One benefit: patrons may be reading better books during the boycot.

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LINK: KTIV.com

Image via El Bibliomata’s photostream.


Rant: The sorry state of bibliographic records

These days I’m using Zotero to keep track of my references (and what a pain it was transferring references from BibMe, which doesn’t support the standard BibTex format). I’ll make a post about Zotero when I get a chance. Right now I just want to rant about what a crappy job librarians are doing these days with bibliographic information. With Zotero I can enter an ISBN and download book information, but for many books I go to WorldCat, which gathers records from a variety of libraries, and Zotero can also extract those records. But, either way, I nearly always have to edit the result. It seems whoever is entering the records in the library databases can’t tell a subtitle from a publisher, or doesn’t know how to format publisher names, or gets mixed up about dates and authors and editors and other elements. Working with WorldCat this way has been an eye opener about librarians’ lazy or inept data entry. Shouldn’t they be trained to do these things correctly?

No. Why do you ask?

Folks online are getting too damn helpful.

10 most awful library books

Pophangover thinks it has the list. But I’m pretty sure we can do much worse. Click the image to check out their bottom ten.

First library building

Readers of this blog are probably tired of this topic, but I have been spending a lot of time on this project, so it occupies my attention. I’ll try to restrain myself in the future, I promise (sure I will). This is the first building nearly complete, though still wanting siding. The second building is now almost as far along, though as yet without books since I haven’t installed doors.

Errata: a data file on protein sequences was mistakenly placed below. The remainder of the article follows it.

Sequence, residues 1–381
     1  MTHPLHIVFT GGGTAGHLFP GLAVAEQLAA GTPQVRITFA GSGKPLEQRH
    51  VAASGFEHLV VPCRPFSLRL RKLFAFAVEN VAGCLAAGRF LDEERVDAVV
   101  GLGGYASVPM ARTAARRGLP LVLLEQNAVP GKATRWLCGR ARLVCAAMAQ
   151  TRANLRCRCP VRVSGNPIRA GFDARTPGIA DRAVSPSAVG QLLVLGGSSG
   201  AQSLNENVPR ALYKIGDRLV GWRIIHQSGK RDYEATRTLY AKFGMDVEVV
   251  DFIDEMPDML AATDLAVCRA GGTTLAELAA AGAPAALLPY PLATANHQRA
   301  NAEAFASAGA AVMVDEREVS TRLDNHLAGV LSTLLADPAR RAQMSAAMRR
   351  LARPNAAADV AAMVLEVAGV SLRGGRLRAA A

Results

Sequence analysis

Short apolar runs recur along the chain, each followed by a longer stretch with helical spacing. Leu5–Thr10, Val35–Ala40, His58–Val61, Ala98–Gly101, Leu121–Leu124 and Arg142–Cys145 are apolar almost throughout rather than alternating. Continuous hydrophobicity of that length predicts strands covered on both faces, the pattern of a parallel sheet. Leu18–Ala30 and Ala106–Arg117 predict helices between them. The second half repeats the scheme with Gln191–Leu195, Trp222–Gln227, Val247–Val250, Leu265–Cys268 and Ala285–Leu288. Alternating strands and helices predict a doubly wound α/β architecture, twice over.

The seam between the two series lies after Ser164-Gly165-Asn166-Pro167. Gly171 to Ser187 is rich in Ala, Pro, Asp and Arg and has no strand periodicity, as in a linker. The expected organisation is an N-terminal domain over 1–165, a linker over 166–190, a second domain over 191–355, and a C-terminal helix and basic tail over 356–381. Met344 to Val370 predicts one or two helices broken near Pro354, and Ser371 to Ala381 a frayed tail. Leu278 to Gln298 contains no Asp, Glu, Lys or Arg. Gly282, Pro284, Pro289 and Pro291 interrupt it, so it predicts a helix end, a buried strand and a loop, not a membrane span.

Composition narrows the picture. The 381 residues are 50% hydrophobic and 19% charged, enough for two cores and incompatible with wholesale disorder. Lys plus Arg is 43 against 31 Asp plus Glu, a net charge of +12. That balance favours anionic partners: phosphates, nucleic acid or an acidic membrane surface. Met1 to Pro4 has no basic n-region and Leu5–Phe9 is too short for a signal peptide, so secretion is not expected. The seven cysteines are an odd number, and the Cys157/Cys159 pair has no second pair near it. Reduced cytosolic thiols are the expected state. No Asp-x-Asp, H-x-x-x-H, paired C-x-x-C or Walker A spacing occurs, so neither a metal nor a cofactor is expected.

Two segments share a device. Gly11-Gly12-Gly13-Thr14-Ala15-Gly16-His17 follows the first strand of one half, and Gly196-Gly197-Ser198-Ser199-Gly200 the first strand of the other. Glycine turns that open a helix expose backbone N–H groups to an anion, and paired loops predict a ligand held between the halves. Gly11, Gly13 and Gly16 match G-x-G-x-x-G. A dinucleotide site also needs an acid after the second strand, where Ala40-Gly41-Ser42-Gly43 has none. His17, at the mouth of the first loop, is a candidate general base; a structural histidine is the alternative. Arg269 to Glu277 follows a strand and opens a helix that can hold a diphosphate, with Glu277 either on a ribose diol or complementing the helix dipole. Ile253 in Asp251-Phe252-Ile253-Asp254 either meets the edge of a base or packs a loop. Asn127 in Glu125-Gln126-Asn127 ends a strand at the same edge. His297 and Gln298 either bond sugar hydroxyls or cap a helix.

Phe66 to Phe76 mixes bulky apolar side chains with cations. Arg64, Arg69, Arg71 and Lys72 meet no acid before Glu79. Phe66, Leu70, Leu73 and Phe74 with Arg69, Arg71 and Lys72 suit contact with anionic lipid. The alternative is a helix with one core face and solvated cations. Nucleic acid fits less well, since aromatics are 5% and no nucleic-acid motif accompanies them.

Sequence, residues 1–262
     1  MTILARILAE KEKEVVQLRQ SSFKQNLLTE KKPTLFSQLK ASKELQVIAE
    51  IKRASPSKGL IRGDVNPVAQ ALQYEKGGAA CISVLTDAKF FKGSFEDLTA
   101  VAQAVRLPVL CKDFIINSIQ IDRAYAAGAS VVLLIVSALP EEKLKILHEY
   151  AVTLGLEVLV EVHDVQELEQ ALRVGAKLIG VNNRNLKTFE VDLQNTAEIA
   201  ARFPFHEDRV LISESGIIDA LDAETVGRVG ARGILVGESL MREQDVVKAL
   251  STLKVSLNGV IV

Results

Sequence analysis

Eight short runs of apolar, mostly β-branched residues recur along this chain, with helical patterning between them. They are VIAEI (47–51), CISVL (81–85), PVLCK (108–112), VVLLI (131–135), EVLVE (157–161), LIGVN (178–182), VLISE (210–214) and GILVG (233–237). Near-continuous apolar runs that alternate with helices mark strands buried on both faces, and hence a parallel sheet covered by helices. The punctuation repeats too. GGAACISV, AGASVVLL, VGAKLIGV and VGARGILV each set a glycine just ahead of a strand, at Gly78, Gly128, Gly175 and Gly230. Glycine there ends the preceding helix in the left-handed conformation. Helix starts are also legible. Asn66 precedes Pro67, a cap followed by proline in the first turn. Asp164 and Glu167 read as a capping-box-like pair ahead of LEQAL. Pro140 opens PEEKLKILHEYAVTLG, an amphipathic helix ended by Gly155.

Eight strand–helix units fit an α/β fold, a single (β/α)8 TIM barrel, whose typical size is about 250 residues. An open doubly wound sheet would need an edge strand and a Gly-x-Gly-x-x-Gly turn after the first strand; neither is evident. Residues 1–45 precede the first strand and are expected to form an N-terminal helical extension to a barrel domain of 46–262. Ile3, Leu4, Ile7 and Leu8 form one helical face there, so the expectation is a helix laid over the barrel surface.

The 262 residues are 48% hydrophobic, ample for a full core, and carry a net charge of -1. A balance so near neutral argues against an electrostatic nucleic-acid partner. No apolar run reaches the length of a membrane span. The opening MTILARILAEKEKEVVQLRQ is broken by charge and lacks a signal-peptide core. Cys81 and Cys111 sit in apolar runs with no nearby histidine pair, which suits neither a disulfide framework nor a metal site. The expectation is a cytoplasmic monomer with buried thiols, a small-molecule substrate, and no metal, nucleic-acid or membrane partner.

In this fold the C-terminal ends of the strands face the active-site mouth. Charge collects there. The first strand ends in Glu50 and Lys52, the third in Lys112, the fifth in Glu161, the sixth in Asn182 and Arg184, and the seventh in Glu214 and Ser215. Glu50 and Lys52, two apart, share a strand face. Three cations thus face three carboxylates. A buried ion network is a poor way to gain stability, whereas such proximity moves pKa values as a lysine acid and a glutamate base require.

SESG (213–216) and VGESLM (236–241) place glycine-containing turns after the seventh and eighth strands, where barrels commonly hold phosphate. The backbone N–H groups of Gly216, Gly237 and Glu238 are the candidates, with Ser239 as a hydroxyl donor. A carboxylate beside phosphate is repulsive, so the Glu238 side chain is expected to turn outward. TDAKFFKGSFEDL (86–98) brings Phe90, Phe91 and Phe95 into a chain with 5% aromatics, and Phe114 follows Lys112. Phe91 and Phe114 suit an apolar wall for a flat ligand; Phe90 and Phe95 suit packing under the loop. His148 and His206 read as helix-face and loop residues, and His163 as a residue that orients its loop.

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Library expansion

I’m back from my short vacation, which was spent not being a tourist somewhere but rather working on my second library building. Even though I didn’t go away I found the computer did not call to me. I enjoyed working outdoors and not sitting in front of a screen.

Below you can see progress on the second building, looking through eastward to the first, which is mostly completed except for the siding and finishing up the roof fascia.

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Barcode scanning a personal library

Want to store your library information on the web? Want to be able to computer search some of the content? Entering ISBN numbers too much trouble? Try this tip from Google employee Matt Cutts.